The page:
Health Empowerment Zones for People with Disabilities
James Rimmer, Ph.D.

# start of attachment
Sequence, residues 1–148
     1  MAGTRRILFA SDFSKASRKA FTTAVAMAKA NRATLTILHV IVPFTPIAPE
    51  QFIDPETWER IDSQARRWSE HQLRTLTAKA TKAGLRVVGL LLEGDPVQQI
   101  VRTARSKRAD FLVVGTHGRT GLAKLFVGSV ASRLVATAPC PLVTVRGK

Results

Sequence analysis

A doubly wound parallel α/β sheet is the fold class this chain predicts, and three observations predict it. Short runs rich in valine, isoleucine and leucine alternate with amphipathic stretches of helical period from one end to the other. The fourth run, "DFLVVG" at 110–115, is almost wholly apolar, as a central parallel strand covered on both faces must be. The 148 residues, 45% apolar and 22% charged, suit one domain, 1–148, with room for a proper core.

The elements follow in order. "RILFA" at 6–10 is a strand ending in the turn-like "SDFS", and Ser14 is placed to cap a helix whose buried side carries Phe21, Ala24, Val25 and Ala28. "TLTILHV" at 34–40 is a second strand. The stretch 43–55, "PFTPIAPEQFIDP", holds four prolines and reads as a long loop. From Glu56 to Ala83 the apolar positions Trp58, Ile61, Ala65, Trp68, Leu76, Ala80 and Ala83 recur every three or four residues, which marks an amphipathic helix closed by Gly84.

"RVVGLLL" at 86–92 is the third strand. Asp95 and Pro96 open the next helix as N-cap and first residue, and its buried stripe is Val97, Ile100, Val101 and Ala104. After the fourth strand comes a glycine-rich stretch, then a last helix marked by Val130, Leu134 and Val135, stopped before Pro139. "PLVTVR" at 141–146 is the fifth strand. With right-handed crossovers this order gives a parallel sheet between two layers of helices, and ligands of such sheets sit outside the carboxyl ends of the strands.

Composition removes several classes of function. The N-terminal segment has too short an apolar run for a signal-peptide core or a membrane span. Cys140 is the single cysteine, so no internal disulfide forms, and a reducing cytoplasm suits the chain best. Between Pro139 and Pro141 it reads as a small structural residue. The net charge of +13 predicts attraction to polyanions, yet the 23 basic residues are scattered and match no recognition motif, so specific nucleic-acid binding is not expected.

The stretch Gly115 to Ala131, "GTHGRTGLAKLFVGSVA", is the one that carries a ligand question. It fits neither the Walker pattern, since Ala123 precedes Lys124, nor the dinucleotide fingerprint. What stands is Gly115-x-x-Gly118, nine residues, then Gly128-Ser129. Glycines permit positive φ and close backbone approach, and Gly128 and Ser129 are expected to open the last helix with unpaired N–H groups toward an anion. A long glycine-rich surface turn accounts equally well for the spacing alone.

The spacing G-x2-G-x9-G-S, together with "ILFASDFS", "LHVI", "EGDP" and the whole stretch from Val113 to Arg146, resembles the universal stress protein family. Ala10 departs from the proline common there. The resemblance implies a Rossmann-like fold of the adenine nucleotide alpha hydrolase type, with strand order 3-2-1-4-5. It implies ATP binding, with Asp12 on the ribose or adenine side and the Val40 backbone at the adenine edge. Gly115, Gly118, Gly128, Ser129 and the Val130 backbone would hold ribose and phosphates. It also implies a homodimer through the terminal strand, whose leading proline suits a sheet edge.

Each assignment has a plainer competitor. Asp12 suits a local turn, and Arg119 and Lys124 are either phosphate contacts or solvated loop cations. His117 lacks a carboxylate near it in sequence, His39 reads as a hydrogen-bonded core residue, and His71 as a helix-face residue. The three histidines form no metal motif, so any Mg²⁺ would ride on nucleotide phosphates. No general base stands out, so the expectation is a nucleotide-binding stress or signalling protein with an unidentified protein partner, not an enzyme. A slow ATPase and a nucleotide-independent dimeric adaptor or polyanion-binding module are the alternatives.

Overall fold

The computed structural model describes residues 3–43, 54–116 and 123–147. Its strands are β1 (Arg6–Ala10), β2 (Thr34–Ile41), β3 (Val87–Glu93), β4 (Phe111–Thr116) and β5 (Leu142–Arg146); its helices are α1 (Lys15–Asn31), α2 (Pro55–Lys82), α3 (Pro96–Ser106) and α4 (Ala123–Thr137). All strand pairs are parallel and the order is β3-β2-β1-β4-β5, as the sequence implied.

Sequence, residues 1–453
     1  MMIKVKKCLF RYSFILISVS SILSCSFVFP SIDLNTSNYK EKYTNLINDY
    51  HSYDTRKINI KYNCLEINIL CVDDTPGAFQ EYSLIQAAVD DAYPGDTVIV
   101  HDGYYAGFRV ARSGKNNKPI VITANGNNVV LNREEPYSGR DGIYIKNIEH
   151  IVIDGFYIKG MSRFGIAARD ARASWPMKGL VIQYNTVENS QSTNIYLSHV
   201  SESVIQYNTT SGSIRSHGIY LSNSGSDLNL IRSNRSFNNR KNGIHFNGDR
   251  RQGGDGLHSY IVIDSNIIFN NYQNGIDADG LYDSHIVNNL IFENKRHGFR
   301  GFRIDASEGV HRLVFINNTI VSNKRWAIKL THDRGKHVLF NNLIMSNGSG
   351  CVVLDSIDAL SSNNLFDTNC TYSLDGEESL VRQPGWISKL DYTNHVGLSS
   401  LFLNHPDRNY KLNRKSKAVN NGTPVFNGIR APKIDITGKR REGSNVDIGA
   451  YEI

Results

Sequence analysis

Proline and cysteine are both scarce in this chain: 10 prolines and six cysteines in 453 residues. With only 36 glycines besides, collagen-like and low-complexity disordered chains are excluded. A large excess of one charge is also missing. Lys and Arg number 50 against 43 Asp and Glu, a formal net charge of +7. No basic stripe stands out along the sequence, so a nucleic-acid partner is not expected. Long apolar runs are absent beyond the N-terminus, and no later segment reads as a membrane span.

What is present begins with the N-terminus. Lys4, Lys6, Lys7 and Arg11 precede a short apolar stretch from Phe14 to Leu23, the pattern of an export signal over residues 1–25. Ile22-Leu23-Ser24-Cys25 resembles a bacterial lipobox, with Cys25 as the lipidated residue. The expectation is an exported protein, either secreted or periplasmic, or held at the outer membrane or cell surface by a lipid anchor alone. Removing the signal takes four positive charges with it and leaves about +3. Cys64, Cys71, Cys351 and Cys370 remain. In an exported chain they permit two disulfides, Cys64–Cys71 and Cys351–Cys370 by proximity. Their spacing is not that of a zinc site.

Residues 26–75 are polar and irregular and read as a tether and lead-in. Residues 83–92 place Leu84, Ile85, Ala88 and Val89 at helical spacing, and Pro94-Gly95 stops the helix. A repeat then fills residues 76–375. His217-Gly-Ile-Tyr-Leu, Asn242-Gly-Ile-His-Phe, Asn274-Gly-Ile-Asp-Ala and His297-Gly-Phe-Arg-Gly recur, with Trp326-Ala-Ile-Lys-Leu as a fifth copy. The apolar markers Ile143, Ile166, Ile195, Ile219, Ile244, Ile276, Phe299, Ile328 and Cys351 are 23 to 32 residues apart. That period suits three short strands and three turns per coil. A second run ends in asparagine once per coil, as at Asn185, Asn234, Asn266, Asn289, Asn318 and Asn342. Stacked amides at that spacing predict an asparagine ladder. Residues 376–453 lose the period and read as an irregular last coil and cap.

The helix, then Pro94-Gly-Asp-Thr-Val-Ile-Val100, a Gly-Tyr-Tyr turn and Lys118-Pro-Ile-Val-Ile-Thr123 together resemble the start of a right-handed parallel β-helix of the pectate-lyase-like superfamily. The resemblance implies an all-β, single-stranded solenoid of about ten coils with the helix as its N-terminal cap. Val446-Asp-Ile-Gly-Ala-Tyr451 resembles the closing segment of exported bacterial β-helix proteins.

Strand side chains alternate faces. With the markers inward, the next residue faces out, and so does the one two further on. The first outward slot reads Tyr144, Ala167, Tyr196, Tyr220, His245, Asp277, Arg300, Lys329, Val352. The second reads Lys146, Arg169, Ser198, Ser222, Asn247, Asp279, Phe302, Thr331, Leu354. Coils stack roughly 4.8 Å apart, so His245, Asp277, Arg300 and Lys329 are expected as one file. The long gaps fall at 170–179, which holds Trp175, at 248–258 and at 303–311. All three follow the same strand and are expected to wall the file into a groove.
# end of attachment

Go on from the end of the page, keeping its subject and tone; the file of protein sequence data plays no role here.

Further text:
The proposed longitudinal study uses a community-based participatory research (CBPR) model to improve access to the built environment for persons with mobility disabilities through a multilevel intervention involving partnerships between the University of Illinois at Chicago, the Illinois Americans with Disabilities Act (ADA) Project, the Chicago-based American Planning Association, and the Urban Transportation Planning Center at the University of Illinois at Chicago. The study will be conducted in two phases. The first phase will involve development of a health empowerment zone that includes training initiatives with fitness and recreation facilities, grocery stores, the regional transportation authority, and local planning and zoning boards. The intervention will consist of (1) disability awareness and accessibility training to fitness facility, grocery store and mass transit staff; (2) providing barrier removal recommendations to store and facility owners; (3) involvement with local planning boards to recommend strategies for improving community accessibility, and 4) a health marketing campaign that includes financial incentives in the form of pre-purchased goods and services for businesses that increase accessibility and increase community awareness of accessibility and health promotion for people with disabilities. Phase II involves a Ticket to Health Campaign that provides incentives for intervention participants to explore the modified built environment by providing them with vouchers for prepaid goods and services from stores and facilities within the health empowerment zone that have removed barriers. Treatment group participants will receive pre-paid tickets redeemable for goods and services from participating fitness facilities and food stores over a four month period. The tickets will be redeemable only by the participants and only for specific (e.g., health promoting) goods and services. Health behavior data will be recorded both pre and post intervention. The primary outcome of this demonstration project is a model program for improving access to the built environment resulting in improved health and reduction of secondary conditions among people with mobility disabilities.